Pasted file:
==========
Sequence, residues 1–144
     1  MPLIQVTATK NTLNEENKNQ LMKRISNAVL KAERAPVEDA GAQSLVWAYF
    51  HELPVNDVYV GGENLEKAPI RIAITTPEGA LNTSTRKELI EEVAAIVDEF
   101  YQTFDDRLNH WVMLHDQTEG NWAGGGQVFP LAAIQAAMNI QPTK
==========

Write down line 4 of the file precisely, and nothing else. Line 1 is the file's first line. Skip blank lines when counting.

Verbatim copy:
   101  YQTFDDRLNH WVMLHDQTEG NWAGGGQVFP LAAIQAAMNI QPTK